Key Indicators Traders Follow

A trader’s financial calendar can be very busy if they were to try and follow every economic event that takes place. Each week we see many reports, announcements and data released by both governmental bodies and NGOs that indicate different levels of a countries economy or a particular commodity’s performance.

Luckily you won’t have to follow all of them. You may consider following announcements that are more relevant to what you are trading. For example, if you’re trading the Canadian dollar (CAD), you will want to be aware of different indicators coming out of Canada. But as the CAD is also considered a commodity-dollar due to its reliance on energy exports, you may also be on the lookout for reports on oil and gas prices.

Having said that, there are some indicators that may have the ability to shift all global markets and these should be given some attention regardless of what you are trading. Here are some of the top economic indicators to highlight on your calendar on a monthly basis.

 

Nonfarm Payrolls (NFP)

Employment data is one of the key signals to the state of a nation’s economy. The US department of labour and statistics releases the previous month’s employment figures on the first Friday of every new month. These include an unemployment report and the NFP. The more people in work mean more money to spend and circulate which is a good thing for the health of the economy. Traders follow this indicator closely as a rise or drop against expectations may mean big moves in the markets.

Purchasing Managers Index (PMI)

Released by the Institute for Supply Management, this report surveys 400 purchasing managers on new orders, inventory levels, production, supplier deliveries and the employment environment. Though it is a relatively small sample size that is primarily focussed on manufacturing, it has historically shown to be a good predictor of Gross Domestic Product.

Producer Price Index (PPI)

As well as the CPI, the Producer Price Index is also a key measure of inflation as it notes the rate of change in producer goods. A rise in PPI means increased costs for corporations which will pass the price increases onto consumers. Both CPI and PPI are often taken into account without food and energy which have highly volatile prices changes.

Oil Prices

Announcements from agencies like the US Energy Information Association (EIA) are given a lot of attention. Oil and energy in general are key to economic activity so price levels give important insights into the health of an economy. Higher prices of oil lead to higher prices of other goods that require energy to be manufactured. As well as being key in the distribution of goods, oil is also a key ingredient in many goods themselves.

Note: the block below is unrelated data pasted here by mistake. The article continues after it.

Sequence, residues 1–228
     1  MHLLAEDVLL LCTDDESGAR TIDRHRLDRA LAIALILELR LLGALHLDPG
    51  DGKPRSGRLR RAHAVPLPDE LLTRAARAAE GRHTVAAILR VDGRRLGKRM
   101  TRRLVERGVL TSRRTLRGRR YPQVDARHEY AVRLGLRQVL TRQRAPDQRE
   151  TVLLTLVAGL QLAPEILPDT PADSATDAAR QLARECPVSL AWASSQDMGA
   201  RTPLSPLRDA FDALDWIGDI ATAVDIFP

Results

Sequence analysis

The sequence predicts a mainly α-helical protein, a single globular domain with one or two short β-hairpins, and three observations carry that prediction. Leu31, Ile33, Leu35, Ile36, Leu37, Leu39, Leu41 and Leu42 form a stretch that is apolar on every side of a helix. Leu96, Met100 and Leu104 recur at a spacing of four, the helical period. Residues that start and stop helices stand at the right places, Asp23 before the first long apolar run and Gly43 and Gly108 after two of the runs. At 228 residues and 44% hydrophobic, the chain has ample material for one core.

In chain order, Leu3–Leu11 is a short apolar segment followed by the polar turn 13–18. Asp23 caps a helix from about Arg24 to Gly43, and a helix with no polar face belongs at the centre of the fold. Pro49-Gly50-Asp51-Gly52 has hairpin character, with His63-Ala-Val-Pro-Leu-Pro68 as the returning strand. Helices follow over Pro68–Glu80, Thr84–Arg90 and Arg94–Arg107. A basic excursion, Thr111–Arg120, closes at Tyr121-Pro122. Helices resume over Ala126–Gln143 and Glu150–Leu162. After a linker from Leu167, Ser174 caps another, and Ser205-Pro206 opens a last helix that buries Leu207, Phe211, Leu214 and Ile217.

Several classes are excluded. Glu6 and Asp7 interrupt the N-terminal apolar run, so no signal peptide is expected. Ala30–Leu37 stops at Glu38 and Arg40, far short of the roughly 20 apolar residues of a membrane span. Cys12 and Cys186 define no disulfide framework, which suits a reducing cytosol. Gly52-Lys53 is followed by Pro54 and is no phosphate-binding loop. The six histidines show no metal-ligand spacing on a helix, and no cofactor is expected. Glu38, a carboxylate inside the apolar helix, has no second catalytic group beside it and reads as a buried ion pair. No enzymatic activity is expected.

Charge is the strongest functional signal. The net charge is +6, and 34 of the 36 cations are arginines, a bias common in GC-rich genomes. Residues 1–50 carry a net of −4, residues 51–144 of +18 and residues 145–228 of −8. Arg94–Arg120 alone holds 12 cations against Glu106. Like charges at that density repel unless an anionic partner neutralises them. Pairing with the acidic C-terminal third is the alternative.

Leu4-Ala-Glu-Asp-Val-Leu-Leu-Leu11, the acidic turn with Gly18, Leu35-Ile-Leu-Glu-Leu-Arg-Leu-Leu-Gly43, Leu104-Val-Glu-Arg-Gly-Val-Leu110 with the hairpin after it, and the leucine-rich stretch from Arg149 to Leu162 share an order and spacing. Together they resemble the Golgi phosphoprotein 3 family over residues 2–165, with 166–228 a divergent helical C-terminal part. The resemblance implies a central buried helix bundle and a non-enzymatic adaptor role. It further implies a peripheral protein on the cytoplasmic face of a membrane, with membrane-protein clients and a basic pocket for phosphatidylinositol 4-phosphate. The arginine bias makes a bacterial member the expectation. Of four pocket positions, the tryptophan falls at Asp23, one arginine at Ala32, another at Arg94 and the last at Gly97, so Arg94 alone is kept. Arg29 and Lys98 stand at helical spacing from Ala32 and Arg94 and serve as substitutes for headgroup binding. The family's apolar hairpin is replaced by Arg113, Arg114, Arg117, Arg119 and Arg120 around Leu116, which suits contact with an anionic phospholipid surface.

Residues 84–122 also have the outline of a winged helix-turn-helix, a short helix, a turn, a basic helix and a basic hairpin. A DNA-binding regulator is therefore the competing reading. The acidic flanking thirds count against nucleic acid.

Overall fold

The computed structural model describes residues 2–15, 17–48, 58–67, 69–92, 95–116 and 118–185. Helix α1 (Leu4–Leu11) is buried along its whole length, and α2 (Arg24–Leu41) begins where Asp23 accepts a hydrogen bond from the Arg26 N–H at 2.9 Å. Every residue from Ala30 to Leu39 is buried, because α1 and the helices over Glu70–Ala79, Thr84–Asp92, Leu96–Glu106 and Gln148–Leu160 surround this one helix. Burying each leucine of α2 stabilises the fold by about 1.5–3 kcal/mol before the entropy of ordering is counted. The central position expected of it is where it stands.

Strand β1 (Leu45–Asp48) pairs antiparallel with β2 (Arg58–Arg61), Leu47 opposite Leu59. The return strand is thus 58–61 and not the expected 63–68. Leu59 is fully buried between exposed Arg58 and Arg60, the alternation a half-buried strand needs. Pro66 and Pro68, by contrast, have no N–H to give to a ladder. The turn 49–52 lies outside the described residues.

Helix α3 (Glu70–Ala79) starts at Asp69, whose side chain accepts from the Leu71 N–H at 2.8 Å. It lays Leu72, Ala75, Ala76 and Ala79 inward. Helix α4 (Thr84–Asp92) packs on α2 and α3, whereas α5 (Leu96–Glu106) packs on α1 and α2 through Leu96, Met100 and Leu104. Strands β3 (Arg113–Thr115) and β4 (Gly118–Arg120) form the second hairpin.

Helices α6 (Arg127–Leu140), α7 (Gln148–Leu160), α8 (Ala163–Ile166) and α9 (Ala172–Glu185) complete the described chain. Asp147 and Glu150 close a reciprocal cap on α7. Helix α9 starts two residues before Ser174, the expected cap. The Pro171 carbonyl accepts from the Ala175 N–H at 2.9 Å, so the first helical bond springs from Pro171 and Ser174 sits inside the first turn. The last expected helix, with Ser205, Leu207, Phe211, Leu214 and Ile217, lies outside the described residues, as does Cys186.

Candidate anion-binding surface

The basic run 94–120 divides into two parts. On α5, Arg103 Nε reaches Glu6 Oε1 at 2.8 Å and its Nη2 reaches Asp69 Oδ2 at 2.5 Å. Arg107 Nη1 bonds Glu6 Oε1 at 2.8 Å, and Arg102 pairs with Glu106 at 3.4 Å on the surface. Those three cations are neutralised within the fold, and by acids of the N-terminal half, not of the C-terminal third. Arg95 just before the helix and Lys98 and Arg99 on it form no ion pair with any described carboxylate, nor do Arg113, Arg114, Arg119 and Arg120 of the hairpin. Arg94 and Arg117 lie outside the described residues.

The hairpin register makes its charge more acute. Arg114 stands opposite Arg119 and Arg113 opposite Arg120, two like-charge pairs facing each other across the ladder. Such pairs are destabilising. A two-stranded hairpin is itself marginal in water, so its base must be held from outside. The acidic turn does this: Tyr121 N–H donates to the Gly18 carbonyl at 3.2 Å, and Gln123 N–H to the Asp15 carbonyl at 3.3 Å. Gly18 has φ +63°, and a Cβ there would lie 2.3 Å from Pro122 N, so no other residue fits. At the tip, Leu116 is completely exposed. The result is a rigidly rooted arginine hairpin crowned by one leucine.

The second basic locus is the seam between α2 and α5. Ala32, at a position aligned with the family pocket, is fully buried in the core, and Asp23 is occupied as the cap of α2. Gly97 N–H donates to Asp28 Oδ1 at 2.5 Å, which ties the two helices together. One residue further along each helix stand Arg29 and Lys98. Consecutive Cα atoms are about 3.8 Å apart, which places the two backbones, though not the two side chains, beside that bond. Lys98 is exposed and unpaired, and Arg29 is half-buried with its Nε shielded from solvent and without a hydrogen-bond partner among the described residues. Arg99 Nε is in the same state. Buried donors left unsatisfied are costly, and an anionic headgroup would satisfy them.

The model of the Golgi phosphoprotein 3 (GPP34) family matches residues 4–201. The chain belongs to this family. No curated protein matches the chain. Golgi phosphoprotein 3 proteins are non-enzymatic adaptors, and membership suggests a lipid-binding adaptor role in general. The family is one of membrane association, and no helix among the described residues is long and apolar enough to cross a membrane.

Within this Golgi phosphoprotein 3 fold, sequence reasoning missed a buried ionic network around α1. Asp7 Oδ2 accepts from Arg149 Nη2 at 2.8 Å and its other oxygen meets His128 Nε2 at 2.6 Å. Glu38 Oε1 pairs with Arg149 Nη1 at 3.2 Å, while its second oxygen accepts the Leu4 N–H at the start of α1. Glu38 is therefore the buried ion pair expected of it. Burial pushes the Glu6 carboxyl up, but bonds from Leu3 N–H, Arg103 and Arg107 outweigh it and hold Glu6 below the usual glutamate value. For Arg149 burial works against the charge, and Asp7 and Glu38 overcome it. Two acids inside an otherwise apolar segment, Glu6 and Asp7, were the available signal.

Consumer Confidence Index (CCI) and Retail Sales

Consumer spending is directly linked to corporates’ bottom line. The Conference Board release this report which survey’s 5,000 households in the US and measures perceptions on the state of the economy and their personal spending power. The more confident people feel about the future, the more likely they are to spend. While CCI is forward looking, another confidence figure, Retail Sales, looks at historical shopping levels. It measures consumers demand for goods and is an important macroeconomic indicator for a contracting or expanding economy.

Consumer Price Index (CPI)

The CPI is a measure of the change in consumer prices and is a signifier of inflation. Essentially it shows if life is getting more or less expensive for the consumer. The CPI is a key inflation figure that central banks monitor closely and apply changes to their fiscal policies based on what is reported. Central banks aim to encourage economic growth and bring stability to their nation’s currency and this is measure by the rate of change in inflation. By keeping an eye on CPI, investors can get forewarnings on possible future moves on the bank’s monetary policies.

Durable Goods Report (DGR)

This report surveys manufacturers of goods that have a life expectancy of three plus years and is a reliable indicator for the health of heavy industry. A high reading shows an increase in business confidence stemming from a rise in consumer confidence.

Housing Starts / Building Permits / New Home Sales

These last indicators are good measures on the overall growth of an economy. Building or buying a house is a very large purchase for most consumers making these reports important indicators to how solid an economy’s growth is both currently and in the future.

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